Tuesday, June 21, 2011

Respecting kidneys

By Richard P. Holm MD

Your two bean-shaped fist-sized filtering organs called the kidneys, as the comedian says, “just don’t get no respect.” We take them for granted until they stop working.

But there is more to these inglorious and obscure organs than you would think. Each day something like 200 quarts of blood are pushed through the kidneys to remove about 2 quarts of urine loaded with toxins and waste products. But these guys aren’t just filtering out waste.

Kidneys know when to remove excess water when over-loaded or to conserve water when dehydrated; they know how to and when to balance electrolytes and body chemicals; they stimulate the bone marrow to make blood when red cells are low; they stimulate bones to grow and to strengthen when needed; and along with several other body systems, they measure, manipulate, and balance the blood pressure in order to get oxygenated blood out to all the cells of the body.

So what can hurt these magnificent unappreciated organs and then what should we do to protect them?

Inherited and genetically caused problems, autoimmune illnesses, birth defects, aging blood vessels, infections, blocking kidney stones, certain medicines, and even environmental toxins all can cause kidney trouble.

Of course if blood pressures are too high then kidneys can be harmed, but the opposite is true, too. That is, sometimes sick kidneys may be the cause of high blood pressure, making it hard to know which one is the egg and which one is the chicken.

By far the most common destroyer of kidneys, however, is a prolonged exposure to high sugar levels. Indeed, diabetes mellitus is responsible for about 40% of all kidney failure, and with the epidemic of obesity and diabetes in this country, we are facing a future where there will be more people suffering with kidney failure than ever before.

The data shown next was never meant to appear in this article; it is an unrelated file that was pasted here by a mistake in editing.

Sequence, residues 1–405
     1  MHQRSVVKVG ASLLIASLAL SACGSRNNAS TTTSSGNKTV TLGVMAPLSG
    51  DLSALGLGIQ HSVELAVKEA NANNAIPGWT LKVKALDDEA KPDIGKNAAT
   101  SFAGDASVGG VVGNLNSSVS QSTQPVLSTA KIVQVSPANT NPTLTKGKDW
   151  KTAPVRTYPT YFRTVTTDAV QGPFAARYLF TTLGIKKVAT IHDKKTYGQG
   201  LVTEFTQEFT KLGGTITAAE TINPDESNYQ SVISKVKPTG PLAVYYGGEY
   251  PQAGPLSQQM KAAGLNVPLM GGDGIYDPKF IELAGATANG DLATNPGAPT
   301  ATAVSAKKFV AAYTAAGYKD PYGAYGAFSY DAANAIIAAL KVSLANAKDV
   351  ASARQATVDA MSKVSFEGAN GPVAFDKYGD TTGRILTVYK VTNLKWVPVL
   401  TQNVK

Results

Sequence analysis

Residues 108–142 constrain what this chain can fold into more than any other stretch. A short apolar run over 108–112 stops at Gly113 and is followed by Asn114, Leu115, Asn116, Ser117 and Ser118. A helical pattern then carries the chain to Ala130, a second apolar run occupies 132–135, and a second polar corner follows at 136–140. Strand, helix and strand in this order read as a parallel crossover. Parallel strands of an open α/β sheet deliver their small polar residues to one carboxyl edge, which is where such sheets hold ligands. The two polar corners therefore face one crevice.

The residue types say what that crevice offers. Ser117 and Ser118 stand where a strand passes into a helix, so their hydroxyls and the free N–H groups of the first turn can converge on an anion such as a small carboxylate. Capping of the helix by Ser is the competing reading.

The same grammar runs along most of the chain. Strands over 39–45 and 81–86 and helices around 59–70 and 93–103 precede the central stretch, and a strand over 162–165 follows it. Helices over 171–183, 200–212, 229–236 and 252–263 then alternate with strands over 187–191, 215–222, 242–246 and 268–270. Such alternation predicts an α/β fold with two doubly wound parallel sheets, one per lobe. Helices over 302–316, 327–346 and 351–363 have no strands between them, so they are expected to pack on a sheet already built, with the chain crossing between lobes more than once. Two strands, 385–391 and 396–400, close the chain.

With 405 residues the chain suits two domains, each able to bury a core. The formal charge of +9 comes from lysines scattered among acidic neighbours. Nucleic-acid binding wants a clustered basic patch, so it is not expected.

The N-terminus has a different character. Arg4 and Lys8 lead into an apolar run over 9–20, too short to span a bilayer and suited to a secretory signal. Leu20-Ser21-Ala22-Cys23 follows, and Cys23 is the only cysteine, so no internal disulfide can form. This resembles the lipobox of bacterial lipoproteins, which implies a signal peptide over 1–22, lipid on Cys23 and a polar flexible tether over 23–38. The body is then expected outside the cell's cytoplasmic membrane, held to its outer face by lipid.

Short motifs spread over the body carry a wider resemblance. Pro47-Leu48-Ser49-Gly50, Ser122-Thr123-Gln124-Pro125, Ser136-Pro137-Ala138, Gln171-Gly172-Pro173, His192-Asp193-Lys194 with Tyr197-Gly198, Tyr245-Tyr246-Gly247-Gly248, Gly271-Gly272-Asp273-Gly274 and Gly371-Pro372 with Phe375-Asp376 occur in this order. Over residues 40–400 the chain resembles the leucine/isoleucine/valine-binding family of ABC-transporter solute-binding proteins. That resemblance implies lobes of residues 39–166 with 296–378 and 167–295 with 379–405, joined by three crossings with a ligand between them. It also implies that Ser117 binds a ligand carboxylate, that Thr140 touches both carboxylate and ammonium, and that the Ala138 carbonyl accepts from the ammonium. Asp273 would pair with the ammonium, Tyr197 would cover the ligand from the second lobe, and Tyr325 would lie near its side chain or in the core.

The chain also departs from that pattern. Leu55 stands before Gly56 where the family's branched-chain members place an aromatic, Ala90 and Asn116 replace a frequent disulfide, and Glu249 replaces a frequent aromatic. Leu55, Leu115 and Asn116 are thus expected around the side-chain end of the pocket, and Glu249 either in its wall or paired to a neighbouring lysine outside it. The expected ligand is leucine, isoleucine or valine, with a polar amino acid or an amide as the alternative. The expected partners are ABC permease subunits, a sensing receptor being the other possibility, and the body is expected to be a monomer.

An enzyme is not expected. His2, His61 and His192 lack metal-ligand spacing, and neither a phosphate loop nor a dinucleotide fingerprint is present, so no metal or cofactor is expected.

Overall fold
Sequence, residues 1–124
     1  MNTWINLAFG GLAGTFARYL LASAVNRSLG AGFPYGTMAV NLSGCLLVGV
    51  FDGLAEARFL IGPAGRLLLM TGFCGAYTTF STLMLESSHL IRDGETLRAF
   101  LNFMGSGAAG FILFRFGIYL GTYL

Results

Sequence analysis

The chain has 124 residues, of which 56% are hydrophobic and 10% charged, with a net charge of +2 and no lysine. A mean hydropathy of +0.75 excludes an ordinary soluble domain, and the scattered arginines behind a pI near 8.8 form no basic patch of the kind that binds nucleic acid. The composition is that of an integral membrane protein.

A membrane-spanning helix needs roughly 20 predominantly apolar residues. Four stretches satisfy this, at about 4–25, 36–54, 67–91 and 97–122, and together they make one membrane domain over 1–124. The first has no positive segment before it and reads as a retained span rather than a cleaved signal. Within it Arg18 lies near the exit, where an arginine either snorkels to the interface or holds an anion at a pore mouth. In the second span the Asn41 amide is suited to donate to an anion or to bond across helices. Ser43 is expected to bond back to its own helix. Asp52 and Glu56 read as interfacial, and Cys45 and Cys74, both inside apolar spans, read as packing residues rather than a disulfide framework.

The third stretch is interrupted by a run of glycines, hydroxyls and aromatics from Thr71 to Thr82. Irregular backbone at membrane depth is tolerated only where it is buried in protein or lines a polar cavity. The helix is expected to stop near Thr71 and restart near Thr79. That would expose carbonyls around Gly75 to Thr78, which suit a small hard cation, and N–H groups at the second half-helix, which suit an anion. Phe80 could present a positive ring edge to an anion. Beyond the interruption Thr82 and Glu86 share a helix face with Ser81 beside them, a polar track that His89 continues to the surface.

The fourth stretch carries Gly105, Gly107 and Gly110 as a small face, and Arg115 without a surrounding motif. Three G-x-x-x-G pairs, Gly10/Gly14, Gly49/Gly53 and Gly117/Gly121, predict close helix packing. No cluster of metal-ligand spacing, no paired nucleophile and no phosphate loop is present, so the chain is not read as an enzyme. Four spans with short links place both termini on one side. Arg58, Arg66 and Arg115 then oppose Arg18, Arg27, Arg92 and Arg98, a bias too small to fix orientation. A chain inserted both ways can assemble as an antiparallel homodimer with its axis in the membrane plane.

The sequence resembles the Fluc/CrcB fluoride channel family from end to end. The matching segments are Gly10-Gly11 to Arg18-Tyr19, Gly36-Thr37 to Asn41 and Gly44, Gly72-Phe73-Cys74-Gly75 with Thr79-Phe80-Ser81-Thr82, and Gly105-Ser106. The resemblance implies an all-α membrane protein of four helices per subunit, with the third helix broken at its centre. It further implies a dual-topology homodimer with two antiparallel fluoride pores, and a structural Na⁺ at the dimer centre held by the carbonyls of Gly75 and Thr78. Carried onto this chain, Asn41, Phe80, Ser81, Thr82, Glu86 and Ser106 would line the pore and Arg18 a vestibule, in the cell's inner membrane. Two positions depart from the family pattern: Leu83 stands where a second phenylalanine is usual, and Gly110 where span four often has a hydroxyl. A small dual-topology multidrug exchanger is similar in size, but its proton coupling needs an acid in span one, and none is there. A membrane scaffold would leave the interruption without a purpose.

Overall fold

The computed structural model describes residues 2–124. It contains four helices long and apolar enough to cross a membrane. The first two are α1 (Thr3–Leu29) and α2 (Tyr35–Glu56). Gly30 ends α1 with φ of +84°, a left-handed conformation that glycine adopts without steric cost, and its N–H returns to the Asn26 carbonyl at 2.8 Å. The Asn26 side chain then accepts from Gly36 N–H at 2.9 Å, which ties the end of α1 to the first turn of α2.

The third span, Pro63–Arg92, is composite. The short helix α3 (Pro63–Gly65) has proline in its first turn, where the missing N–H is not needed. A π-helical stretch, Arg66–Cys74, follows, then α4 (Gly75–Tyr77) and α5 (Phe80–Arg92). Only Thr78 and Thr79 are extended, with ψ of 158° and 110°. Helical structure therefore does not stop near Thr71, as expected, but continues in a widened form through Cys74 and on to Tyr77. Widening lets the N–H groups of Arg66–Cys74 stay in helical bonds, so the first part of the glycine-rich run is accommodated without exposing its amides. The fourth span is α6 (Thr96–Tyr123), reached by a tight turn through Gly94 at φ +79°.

The formula for each individual to best avoid such a fate has to do mostly with living a healthy life-style, that is to get regular exercise and eat a balanced smaller portioned diet.

Your kidneys deserve a little respect.

Wednesday, June 8, 2011

To straighten the bones of children

By Richard P. Holm M.D.

The history of medicine is filled with stories of bonesetters, and in the middle ages they even had a guild. These people splinted broken bones with sticks, leather, and clay casts, and were separate from physicians and barber surgeons.

Then in the 1700s, Nicholas Andre’ a professor of medicine at the University of Paris, formally described methods to treat boney deformities in newborn children such as clubbed feet with splinting. He described similar methods used for the straightening of young tree saplings. Andre’ wrote a textbook on the subject titled L’Orthopedie. The ancient Greek word orthos means free from deformity, to straighten, to make right; and the Greek word paideia refers to the art of raising a child. Literally orthopedics means to straighten the bent bones of children. Together they provide for the name of a present day surgical specialty, but other things needed to happen first.